I don’t know what on earth the sixth graders were on, but they were incredibly juiced up for a Monday.
One of the target phrases from the chapter was “I like flying a kite.” Since we had a few extra minutes, I proceeded to tell 6-4 a story from a few weeks ago.
“I was walking at Jinhae-ro. Jinhae-ru?” Ru, they confirmed.
“I was walking at Jinhae-ru and saw a boy flying a kite.”
The star of the show was the power line, but I had no idea how to say this in Korean and my drawing was eliciting guesses of “soccer goal” and “fence” so I took a stab and said the Korean words for “power” and “line”.
Amazingly, I was correct. The homeroom teacher GJ who has been friendly since day one confirmed and I replied my guesses were almost always wrong.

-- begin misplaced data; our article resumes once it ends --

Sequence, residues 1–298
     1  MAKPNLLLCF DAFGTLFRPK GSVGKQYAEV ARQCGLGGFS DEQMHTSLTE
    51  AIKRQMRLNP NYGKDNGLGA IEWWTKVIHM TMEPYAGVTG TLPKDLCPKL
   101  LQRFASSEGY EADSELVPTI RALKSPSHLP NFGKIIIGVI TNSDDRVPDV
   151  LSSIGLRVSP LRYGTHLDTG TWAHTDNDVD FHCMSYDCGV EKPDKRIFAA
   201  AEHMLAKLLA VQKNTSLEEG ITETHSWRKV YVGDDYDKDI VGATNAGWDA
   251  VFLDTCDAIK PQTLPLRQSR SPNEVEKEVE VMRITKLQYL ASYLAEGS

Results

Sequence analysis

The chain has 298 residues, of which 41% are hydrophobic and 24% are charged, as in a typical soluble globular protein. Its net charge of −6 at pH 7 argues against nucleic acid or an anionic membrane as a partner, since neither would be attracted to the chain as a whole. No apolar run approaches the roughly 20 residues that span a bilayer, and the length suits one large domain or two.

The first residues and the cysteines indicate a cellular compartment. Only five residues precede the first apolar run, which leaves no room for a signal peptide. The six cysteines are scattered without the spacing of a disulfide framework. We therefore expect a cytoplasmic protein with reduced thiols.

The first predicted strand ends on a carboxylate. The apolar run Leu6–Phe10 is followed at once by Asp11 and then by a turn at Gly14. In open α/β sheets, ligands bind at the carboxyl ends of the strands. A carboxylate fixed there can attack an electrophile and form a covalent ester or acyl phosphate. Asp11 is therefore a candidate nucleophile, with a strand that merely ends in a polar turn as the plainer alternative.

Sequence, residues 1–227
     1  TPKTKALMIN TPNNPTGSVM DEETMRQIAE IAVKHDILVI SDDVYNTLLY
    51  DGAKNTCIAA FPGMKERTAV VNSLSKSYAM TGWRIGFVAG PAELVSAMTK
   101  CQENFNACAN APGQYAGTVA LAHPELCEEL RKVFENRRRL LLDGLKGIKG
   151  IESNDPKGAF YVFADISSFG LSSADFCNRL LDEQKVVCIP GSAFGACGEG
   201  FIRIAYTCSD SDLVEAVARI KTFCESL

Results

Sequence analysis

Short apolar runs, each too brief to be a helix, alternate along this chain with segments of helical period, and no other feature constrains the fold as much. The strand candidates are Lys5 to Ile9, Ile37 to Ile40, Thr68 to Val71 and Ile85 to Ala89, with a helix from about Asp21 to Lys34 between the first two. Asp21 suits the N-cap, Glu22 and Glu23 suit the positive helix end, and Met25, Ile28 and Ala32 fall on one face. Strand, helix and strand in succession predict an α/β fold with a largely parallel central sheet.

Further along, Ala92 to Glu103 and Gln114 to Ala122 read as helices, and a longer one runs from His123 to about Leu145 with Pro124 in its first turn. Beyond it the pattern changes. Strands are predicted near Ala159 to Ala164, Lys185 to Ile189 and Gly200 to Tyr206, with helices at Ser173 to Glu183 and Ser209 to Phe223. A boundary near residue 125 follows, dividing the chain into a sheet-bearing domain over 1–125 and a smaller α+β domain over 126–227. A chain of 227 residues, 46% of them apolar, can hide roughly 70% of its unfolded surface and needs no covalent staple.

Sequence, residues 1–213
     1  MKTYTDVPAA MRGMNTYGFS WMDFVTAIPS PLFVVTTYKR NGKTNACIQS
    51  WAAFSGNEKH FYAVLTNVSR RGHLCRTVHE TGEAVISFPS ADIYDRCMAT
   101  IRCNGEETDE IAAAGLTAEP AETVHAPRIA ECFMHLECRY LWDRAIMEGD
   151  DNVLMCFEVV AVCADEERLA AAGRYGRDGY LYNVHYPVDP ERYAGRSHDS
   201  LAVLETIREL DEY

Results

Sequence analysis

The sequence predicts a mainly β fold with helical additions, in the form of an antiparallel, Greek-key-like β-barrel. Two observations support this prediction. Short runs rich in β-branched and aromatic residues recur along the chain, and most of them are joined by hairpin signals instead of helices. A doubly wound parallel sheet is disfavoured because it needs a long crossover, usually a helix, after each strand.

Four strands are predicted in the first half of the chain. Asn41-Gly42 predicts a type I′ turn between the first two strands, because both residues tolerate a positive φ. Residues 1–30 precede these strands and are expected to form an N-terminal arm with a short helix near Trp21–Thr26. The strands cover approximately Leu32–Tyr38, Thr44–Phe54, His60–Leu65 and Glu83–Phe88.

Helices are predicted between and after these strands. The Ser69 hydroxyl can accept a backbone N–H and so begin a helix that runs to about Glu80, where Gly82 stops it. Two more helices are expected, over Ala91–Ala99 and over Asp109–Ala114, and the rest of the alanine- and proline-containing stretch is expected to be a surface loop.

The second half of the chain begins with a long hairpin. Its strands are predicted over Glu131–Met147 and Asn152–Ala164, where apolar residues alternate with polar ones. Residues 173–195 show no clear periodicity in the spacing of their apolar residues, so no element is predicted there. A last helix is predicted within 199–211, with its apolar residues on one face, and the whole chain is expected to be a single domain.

“Your guess was right, you are a genius!” She encouraged from the back of the class.
I continued, “The boy was flying a kite and…” I demonstrated that this poor kid’s kite flew right into the power line and got stuck.
The homeroom teacher and all the kids giggled and I felt proud of my ability to tell this story with bits of English, limited Korean, and hand gestures.
Helen asked how my kids were later that afternoon.
“They were really energized… especially for a Monday.”
“Ah,” she nodded, “they are starting to reveal their true selves.”
I think back to the silent apathy of my Seoul sixth graders and I’d take “hyped up on Mountain Dew” over the alternative any day!